United States District Court, W.D. Kentucky, Louisville Division
MEMORANDUM OPINION AND ORDER
Whalin, Magistrate Judge
Commissioner of Social Security denied Quincy Taylor's
(“Taylor”) application for supplemental security
income benefits. Taylor seeks judicial review of the
Commissioner's decision pursuant to 42 U.S.C. §
405(g). Both Taylor (DN 15) and the Commissioner (DN 18)
filed a Fact and Law Summary. The parties have consented,
under 28 U.S.C. § 636(c) and Fed.R.Civ.P. 73, to the
undersigned United States Magistrate Judge conducting all
further proceedings in this case, including issuance of a
memorandum opinion and entry of judgment, with direct review
by the Sixth Circuit Court of Appeals in the event an appeal
is filed. (DN 14).
Taylor is 46 years old and lives in an apartment in
Louisville, Kentucky. (Tr. 39). Taylor was in special
education classes in high school, has been in and out of
custody for years, and has only held temporary jobs, each
lasting no more than a month. (Tr. 40, 51). According to
Taylor, he has trouble walking, standing, and sitting because
of pinched nerves in his shoulder (Tr. 42) and rods in his
leg that were inserted during a surgery on his ACL (Tr.
46-47). Taylor also states he has trouble being in large
groups of people, cannot watch television, and has occasional
issues with seeing things and hearing things. (Tr. 53-54).
applied for supplemental security income benefits
(“SSI”) under Title XVI, claiming he became
disabled on February 12, 2015 (Tr. 196), as a result of
depression, chronic depressive disorder NOS, knee problems,
muscle pain, and arthritis (Tr. 215). His application was
denied initially (Tr. 79) and again on reconsideration (Tr.
95). Administrative Law Judge William C. Zuber (“ALJ
Zuber”) conducted a hearing in Louisville, Kentucky, on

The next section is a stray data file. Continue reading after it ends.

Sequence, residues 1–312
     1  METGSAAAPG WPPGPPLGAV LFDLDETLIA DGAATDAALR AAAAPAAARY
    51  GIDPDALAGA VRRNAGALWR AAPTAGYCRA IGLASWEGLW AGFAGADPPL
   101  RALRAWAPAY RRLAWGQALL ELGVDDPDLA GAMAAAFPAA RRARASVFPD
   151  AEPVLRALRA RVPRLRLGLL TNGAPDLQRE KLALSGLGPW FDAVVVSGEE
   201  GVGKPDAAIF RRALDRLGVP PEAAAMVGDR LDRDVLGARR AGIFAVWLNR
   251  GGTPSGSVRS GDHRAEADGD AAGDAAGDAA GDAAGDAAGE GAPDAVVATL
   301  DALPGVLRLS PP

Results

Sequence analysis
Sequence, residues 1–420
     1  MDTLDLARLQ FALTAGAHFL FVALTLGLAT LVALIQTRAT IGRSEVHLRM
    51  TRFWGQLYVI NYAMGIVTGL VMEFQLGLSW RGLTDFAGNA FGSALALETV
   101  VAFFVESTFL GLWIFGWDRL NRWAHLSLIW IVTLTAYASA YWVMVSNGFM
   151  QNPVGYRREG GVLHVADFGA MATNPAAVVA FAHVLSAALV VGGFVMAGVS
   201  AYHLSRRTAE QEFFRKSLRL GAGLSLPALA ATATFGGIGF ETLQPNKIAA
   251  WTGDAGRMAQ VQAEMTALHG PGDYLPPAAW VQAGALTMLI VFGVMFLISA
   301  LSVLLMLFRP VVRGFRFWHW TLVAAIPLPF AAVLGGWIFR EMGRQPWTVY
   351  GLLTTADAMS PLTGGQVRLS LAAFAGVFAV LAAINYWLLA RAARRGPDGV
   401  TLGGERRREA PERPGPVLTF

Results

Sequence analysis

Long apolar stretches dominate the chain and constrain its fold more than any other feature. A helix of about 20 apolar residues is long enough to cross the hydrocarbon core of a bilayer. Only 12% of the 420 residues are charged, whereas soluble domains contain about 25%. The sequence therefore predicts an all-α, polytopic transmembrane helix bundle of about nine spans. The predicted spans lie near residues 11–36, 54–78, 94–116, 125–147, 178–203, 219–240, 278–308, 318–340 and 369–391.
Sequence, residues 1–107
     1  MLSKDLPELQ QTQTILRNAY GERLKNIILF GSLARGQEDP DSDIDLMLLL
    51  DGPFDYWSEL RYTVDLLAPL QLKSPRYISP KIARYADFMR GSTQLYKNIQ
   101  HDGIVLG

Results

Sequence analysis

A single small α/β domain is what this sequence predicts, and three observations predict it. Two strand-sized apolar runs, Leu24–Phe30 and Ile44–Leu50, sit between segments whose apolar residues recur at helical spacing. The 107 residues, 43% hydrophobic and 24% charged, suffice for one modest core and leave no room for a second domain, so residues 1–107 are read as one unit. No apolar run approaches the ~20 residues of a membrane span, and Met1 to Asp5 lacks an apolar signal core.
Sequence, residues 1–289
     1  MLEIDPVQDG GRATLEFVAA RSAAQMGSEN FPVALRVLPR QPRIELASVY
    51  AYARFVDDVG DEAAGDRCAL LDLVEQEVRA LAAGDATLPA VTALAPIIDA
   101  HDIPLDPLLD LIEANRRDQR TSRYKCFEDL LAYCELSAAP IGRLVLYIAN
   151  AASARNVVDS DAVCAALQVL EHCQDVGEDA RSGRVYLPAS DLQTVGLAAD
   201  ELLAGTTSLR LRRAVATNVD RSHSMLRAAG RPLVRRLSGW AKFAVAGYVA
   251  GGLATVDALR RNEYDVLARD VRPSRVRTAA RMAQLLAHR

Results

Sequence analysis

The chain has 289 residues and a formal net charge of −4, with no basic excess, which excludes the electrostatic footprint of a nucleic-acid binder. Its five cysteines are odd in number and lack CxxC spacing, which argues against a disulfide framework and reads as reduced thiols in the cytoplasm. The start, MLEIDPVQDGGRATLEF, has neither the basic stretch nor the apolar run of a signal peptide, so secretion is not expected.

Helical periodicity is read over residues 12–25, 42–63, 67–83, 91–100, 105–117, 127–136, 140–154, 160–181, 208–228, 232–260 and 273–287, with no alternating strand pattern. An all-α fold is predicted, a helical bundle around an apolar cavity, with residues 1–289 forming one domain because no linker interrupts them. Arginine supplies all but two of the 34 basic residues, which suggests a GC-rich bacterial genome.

October 17, 2016. (Tr. 35-36). Taylor attended the hearing
with his attorney. (Id.). An impartial vocational
expert also testified at the hearing. (Id.). The ALJ
issued an unfavorable decision on November 19, 2016. (Tr.
applied the traditional five-step sequential analysis
promulgated by the Commissioner, 20 C.F.R. § 404.1520,
Kyle v. Comm'r of Soc. Sec., 609 F.3d 847, 855
(6th Cir. 2010), and found as follows. First, Taylor has not
engaged in substantial gainful activity since May 14, 2015,
the application date. (Tr. 18). Second, Taylor has the severe
impairments of “degenerative disc disease of the lumbar
spine, degenerative joint disease in the right knee and right
shoulder, depression, and history of polysubstance abuse in
remission.” (Id.). Third, none of Taylor's
impairments or combination of impairments meets or medically
equals the severity of a listed impairment from 20 C.F.R. Pt.
404, Subpt. P, App'x 1. (Id.). Fourth, Taylor
has the residual functional capacity to perform “less
than a full range of light work” and is limited to:
simple, routine 1-3 step tasks that are non-fast paced or
quota driven. He should be afforded the option to sit and/or
stand every 30-45 minutes. He is able to occasionally climb
ramps/stairs, stoop, crouch, crawl and kneel. He should avoid
climbing ladders, ropes, and scaffolds. He is able to
occasionally perform overhead reaching and occasional pushing
and pulling with the right lower extremity. He is able to
occasionally interact with coworkers and supervisors but
should avoid contact with the general public. Any changes in
the work routine should be rare and gradually introduced. He
is able to sustain concentration, persistence and pace for
2-hour periods of time.
(Tr. 20). Additionally, Taylor has no past relevant work to
consider. (Tr. 27). Fifth and finally, considering
Taylor's age, education, work experience, and RFC, there
are jobs that exist in significant numbers in the national
economy that he can perform.
appealed the ALJ's decision. (Tr. 11). The Appeals
Council declined review. (Tr. 1). At that point, the denial
became the final decision of the Commissioner, and Taylor
appealed to this Court. (DN 1).
Standard of Review
reviewing the Administrative Law Judge's decision to deny
disability benefits, the Court may “not try the case de
novo, nor resolve conflicts in the evidence, nor decide
questions of credibility.” Cutlip v. Sec'y of
Health & Human Servs., 25 F.3d 284, 286 (6th Cir.
1994) (citations omitted). Instead, the Court's review of
the Administrative Law Judge's decision is limited to an
inquiry as to whether the Administrative Law Judge's
findings were supported by substantial evidence, 42 U.S.C.
§ 405(g); Foster v. Halter, 279 F.3d 348, 353
(6th Cir. 2001) (citations omitted), and whether the
Administrative Law Judge employed the proper legal standards
in reaching his conclusion. See Landsaw v. Sec'y of
Health & Human Servs., 803 F.2d 211, 213 (6th Cir.
1986). Substantial evidence exists “when a ...